Real estate consultancy Coldwell Banker Affiliates of Romania forecasts that 2016 will be the best year for the local residential market, despite the challenging financing environment marked by the approval of the debt discharge law and the fast consumption of guarantees limits on the state-backed program Prima Casa for first home buyers.
Around 30,000 new homes are set to be finalized by the end of this year, in residential projects across the country. The biggest residential markers were, aside from Bucharest, in Cluj-Napoca, Constanta, Sibiu and Brasov.
In Bucharest, around 1,500 units were delivered close to areas that registered a strong development of offices in Aviatiei-Barbu Vacarescu, Grozavesti-Politehnica and Tineretului.
The delivery volumes for new buildings in Bucharest and the surrounding areas will reach 13,000 units, up 20 percent on the previous year. The biggest share, of around 53 percent, is included in the mass market segment, while the projects targeting the middle class hold a share of close to 40 percent.
The study estimates an absorption rate of 70 percent of homes completed this year, while the rest will be covered in the next six to nine months.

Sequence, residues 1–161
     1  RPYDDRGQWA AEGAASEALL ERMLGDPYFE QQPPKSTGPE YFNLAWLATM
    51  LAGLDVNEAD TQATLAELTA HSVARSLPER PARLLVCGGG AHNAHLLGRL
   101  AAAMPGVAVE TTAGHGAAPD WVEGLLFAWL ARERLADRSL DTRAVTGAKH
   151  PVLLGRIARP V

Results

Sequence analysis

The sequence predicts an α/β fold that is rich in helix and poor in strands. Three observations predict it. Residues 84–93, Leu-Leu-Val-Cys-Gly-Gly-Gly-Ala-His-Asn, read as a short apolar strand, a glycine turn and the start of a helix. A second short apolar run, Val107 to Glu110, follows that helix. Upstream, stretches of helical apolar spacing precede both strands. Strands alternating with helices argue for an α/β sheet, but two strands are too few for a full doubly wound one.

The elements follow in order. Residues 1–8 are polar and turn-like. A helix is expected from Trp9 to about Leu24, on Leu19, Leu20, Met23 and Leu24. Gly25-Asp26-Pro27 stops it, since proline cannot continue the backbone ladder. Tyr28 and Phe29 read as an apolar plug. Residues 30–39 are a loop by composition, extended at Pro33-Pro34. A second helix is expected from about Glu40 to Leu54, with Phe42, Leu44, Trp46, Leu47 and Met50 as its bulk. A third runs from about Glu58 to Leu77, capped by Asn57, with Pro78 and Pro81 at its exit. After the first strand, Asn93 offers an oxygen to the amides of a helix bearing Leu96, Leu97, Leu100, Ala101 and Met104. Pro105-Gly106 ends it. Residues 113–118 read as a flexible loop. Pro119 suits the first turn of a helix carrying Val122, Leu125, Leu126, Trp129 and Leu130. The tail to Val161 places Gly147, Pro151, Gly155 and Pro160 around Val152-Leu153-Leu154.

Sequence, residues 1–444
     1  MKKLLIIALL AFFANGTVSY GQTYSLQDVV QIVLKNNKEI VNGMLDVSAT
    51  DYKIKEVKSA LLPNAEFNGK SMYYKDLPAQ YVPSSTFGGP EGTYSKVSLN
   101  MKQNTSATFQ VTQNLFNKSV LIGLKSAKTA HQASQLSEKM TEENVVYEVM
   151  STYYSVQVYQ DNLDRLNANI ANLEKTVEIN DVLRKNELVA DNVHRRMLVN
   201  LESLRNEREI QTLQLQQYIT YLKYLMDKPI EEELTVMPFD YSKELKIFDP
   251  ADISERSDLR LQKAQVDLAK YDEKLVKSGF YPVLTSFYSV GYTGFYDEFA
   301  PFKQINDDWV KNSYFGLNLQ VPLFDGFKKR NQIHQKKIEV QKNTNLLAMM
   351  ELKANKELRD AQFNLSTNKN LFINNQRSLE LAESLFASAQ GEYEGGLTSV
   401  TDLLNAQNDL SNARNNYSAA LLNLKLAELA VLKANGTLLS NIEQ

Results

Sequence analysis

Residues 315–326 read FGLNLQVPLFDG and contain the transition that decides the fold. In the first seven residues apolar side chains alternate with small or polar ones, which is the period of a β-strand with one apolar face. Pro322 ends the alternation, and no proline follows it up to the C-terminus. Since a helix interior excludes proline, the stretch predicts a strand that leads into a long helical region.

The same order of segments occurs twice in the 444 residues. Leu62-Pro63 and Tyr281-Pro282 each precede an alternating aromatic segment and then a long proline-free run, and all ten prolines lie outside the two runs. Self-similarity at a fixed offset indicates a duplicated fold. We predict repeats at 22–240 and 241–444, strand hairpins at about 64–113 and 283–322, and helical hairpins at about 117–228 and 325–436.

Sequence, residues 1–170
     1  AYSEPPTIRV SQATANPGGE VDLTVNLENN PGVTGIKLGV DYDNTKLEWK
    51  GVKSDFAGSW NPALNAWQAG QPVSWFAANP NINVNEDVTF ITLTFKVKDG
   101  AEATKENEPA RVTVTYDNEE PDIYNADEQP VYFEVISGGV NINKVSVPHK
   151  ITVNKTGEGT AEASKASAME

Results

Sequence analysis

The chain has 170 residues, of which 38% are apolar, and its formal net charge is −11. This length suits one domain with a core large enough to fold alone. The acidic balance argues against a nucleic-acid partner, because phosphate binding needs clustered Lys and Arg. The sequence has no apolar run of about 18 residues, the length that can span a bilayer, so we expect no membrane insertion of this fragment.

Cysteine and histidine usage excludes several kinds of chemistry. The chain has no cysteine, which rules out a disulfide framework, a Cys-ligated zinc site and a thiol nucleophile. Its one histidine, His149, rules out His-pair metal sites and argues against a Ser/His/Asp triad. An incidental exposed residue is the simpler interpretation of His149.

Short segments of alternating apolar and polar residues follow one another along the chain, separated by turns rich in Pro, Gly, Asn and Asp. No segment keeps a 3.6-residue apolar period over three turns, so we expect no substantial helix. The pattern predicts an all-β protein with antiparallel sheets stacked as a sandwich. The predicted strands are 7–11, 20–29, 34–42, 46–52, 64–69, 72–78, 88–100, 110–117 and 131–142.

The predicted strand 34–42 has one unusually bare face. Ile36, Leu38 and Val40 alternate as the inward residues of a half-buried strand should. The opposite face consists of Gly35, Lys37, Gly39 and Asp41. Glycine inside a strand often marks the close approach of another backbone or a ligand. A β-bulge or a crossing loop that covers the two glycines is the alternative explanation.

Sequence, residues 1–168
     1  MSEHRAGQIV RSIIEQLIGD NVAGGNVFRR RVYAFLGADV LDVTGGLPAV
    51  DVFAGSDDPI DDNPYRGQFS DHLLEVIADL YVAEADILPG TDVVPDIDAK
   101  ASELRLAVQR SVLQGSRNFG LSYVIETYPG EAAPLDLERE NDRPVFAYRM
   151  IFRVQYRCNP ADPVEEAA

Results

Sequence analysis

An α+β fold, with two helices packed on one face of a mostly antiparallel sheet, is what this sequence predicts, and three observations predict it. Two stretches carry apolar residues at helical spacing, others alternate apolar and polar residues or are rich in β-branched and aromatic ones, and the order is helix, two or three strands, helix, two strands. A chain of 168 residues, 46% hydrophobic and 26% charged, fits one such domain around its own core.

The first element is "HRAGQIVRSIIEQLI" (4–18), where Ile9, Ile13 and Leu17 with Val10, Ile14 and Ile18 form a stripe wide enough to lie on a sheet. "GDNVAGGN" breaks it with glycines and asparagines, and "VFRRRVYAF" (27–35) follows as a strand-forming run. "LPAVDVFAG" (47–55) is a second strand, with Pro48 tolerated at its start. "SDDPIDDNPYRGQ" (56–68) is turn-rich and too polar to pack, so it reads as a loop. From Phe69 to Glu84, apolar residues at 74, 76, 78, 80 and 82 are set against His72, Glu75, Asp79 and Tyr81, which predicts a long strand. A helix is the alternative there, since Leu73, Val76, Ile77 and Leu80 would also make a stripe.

Data from the National Agency of Cadastral and Real Estate Advertising show an 8.6 percent increase in the number of transactions closed in the first nine months of this year, compared to the same period of last year.
The biggest regional residential markets were this year in Cluj-Napoca, Constanta and Sibiu, with over 2,000 units slated for delivery, followed by Brasov, Iasi and Timisoara. The biggest absorption rates of the new building stock were seen in Cluj-Napoca and Brasov.
Coldwell Banker Affiliates of Romania sold this year around 2,000 new buildings, directly from the developer.
The company said that the sales of new homes slightly fell after the approval of the debt discharge law, but the market returned to growth after the funds for Prima Casa were increased and most of the banks lowered the down-payment for mortgage loans to 15-20 percent.